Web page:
Another memory once just a shadow, now burned into my mind forever was brought back full force in the most horrible of ways On September 11, 2001. A trip to New York that had many purposes, when I was about 8. #1 an excuse to see my Nana. #2 to introduce my Nana and I to the wonderful lady that would become my stepmother. #3, for my Dad to show me New York., where he grew up. He took me sightseeing. I walked up the stairs inside the Statue of Liberty. And all the way back down. There are a lot of damn stairs. I still have a serious aversion to those tight black iron circular stairs. Shudder.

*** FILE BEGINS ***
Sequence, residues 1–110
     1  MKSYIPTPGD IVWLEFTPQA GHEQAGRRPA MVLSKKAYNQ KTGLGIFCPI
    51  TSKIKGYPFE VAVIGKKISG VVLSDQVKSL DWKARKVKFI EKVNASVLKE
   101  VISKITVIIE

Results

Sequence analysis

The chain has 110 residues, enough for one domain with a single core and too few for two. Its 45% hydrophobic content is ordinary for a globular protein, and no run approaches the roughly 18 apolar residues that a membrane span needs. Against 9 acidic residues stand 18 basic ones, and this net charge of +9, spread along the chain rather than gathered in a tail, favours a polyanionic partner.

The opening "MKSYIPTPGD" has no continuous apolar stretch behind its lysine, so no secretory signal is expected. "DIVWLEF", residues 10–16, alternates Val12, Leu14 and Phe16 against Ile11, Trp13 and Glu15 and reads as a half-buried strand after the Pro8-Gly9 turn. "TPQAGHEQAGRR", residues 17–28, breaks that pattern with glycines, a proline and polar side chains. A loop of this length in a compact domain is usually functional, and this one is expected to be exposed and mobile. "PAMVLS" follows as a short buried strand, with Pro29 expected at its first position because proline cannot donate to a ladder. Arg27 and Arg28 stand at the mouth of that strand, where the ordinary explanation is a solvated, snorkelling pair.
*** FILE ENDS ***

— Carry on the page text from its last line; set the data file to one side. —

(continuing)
That was also the year that they finished construction on the Twin Towers. I thought they were beautiful, with so many pretty lights. So tall thrusting up into the night sky. Every night, my eyes would seek them out. My dad decided one night to take Naoemi (step mom) and I to dinner at Windows On The World in Trade Center Tower 1, I believe. I wanted to go, but I was so scared, cause it was so tall. At the time, the tallest building in the world. My Dad made me go. I am forever grateful he did. Memories that were once vague to me came crashing into my consciousness as I watched the tower burn that horrible day, then as I watched it collapse. As I heard it collapse. Yes, I heard it collapse. I was on the phone with my brother-in-law who lived fairly close to it. I was with him on the line as the second plane hit. I was with him when the buildings started collapsing. I heard it. And I heard the horror in his voice, describing to me what he saw from his windows. I will never forget it.